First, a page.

It is also a dream that did not come easy. Fresh out of his O-Levels (then known as Senior Cambridge exams), the then teenage David harboured hopes of studying automobile engineering abroad.
“I thought my father and grandfather had the finances,” he said ruefully.
They hadn’t. The company folded over the next three years, and David, the middle child and only son of three children, put his dream on hold. He became a teacher, spending the next 19 years teaching history and geography.
Need for Speed
But the key had been turned in the ignition, and David’s desire for motoring purred like the hum of an engine left idle. When his father gave him his first car (an Austin Healey Sprite) at 18, David floored the accelerator and never looked back.
He would satiate his need for speed at the local races like the Singapore Grand Prix. It was held every Easter at the race circuit along Thompson Road and Upper Thompson Road and was preceded two weeks earlier by the quarter-mile Thompson sprint for locals to test their cars – as well as to drum up hype for the event.
Despite his father’s disapproval, David would race the Thompson circuit or the Gap Hill Climb, which took place along South Buona Vista Road, pitting himself against other boys in their second-hand sports cars or saloon cars. Although only an amateur, he was once featured as a promising young upstart in Fanfare magazine, a popular entertainment rag at that time.
Those years cemented his desire to spend his life around cars, David said, who learnt how to modify cars so he could race better, “In order to be competitive, you have to know the parts,” he said. “My interest in race cars, performance engines – that is my place in the automobile trade.”
Becoming His Own Boss
He eventually took the plunge and left teaching to start his own workshop – a niche that he continues to serve to this day. “I didn’t just want to be a mechanic; I wanted to be around sports cars, the circuits, the race tracks.”
His career change was not without risk – by then, David was already a father of two young children – but it was a dream he had waited too long to fulfil.
“I wanted to create my ideal lifestyle; set up the ideal garage where I could come in every morning and enjoy being around the things I love,” he said.
At the time, his clientele comprised mainly expatriates working in the oil industry, who came to him to upgrade or repair their sports cars. David worked out of a rented private house in Bedok, where his son and daughter grew up in a world similar to his own childhood.
It was an era where “after school” meant play, not tuition, and David made sure his kids, Brian and Jacqueline, got the full childhood experience. “They climbed fruit trees, pulled earthworms out of the ground, and helped me with the cars,” he said, adding: “It was an ideal place to raise kids.” So ideal was the influence that, once Brian had completed his National Service, he decided to join his father in the garage.
Today, the duo runs the workshop together, with the 40-year-old Brian doing much of the tinkering, while David oversees the refurbishing process of the classic cars. Many of these cars belong to young men in their 20s and 30s, some of whom have studied overseas and are drawn to classic designs such as the old Mini Cooper.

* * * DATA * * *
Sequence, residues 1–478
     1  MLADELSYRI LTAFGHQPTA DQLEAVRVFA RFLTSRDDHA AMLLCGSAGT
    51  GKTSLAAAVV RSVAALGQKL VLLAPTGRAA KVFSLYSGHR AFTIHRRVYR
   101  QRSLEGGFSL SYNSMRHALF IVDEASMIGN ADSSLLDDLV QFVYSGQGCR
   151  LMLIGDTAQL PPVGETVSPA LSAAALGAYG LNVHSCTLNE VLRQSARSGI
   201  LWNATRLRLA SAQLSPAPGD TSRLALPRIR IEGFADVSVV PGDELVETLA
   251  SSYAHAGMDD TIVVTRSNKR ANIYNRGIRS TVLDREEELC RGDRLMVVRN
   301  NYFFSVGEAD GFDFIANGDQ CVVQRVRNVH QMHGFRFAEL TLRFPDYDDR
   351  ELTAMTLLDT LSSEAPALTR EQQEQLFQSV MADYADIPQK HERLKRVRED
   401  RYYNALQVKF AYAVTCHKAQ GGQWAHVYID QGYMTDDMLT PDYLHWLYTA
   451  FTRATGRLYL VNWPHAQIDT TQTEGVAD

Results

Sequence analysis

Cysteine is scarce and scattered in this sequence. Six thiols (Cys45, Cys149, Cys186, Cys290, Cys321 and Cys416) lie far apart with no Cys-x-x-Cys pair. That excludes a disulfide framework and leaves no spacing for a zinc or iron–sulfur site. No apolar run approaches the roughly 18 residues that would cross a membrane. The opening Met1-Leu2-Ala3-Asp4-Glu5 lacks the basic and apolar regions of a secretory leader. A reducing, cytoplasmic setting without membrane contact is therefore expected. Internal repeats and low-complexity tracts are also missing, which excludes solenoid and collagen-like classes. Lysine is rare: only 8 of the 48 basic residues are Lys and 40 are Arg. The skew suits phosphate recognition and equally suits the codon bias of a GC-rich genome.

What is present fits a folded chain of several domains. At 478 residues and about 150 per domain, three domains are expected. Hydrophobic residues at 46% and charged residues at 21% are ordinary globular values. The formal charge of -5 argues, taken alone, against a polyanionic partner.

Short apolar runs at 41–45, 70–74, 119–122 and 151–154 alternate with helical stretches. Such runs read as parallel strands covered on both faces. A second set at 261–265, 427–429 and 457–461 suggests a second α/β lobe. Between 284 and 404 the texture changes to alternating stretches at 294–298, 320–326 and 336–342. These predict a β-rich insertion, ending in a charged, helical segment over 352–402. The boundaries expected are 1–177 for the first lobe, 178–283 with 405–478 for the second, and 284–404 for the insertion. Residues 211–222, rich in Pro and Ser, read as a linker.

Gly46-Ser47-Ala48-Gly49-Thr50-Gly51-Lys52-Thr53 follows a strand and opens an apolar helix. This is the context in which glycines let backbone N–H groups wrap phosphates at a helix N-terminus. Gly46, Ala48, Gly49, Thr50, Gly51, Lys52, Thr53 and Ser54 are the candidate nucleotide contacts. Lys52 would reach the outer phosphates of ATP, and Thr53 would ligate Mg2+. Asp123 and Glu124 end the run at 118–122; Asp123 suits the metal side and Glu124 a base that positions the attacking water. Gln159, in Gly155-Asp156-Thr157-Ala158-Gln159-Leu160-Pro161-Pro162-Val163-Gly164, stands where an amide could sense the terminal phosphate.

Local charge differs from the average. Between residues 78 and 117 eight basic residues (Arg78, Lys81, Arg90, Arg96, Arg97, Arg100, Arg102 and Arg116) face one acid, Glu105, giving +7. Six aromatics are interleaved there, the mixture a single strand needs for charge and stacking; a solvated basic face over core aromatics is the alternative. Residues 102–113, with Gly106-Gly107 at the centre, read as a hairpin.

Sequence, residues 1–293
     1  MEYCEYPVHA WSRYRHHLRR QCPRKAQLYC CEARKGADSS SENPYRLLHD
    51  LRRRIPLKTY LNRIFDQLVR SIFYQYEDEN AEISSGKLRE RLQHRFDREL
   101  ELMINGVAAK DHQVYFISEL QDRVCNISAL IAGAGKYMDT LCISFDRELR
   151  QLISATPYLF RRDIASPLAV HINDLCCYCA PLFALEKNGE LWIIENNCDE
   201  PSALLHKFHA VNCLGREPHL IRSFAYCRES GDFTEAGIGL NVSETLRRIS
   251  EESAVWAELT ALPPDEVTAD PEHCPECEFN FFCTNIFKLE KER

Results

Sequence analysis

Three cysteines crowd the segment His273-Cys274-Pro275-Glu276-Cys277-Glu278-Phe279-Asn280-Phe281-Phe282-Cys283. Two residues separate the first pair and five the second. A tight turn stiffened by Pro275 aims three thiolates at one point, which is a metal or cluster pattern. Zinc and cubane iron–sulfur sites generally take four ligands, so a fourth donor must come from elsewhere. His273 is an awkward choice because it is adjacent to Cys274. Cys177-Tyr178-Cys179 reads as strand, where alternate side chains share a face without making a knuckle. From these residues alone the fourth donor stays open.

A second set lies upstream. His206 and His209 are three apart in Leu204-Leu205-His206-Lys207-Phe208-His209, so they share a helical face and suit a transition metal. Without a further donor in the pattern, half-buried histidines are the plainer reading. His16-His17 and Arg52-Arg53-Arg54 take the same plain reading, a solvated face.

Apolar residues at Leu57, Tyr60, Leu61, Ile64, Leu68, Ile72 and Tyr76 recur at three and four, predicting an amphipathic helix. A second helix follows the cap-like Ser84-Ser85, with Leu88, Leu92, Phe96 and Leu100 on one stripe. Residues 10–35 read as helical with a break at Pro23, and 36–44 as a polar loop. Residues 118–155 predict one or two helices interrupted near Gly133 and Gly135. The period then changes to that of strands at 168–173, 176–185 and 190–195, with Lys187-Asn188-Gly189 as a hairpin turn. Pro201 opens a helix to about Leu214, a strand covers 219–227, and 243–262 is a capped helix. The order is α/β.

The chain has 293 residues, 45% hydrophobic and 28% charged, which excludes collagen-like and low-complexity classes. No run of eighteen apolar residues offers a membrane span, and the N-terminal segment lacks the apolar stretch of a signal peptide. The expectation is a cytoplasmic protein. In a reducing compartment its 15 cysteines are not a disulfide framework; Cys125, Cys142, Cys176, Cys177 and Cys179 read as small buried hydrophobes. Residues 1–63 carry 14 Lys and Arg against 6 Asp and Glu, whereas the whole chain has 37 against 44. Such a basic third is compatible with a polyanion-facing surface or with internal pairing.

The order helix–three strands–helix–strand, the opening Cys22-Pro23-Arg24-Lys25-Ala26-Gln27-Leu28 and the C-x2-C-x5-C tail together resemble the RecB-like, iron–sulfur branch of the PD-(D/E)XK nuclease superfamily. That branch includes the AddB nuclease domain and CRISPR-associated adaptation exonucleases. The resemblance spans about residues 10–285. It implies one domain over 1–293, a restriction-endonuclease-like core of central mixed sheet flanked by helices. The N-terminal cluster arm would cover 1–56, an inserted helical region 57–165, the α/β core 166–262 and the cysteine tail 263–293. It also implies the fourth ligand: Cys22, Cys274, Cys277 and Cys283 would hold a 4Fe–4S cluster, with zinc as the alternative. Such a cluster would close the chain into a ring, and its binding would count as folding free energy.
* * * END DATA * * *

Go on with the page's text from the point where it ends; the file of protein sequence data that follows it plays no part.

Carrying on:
The work is slow and tedious – part of a new paint job involves scraping off the old paint by hand, a labour-intensive process that even some paint shops shun. When customers want a refurbishment, David himself uses a heat-gun to remove the paint, often working late into the night with a fan trained on him to diffuse the toxic fumes.
It is backbreaking work, but David does not mind. Neither does he want to service modern cars, despite a quicker turnaround and easier work. He never sees the cars in his workshop as classics. For him, they are just cars he has known all his life.
“As the world moved on, I did not. These are the cars from my youth, and I always want to be around them,” the self-confessed old soul said, who counts Cliff Richard among his favourite singers and still uses a Nokia phone so old it does not have a coloured screen.
When he looks around his garage, he is still transported back to the prime of his life – a heady time of youth, tea dances and parties, all coupled with the adrenaline rush of navigating a tight bend, or overtaking another racer by a hair’s breadth.
“I actually never moved on from that era,” David said. And in his head, he is content on staying put there.
Originally posted on irememberSG here
The love of classic cars transports David to his past and is the fuel of his life. Clara Lock details David’s undying love for classic cars.
Words and images by Clara Lock
Peer into David Chan’s classic car workshop and it might take a moment or two to spot him. He soon emerges from behind the bonnet of a dusty blue Mini Cooper, screwdriver still in hand, picking his way through a maze of cars and clutter. His fingernails are grime-caked and his blue jeans are faded with wear, but the 68-year-old is living his dream.
It is a dream he has harboured since he was 12 – growing up around cars, in the auto agency his grandfather started. Eastern Auto, which opened its doors in 1921, first brought in Citroen cars before it branched out into sportier brands like Lotus, Aston Martin and DKW Auto Union, now known as Audi.
When his grandfather eventually retired, David’s father and uncle took over the family business. At 12, David would spend his afternoons hanging around the Cantonese-speaking mechanics in the workshop, learning basic maintenance works such as repairing brakes and changing engine oil.
“I knew all about cars long before I could drive them,” he said. David was just a boy, but these four-wheeled beauties had made their impression.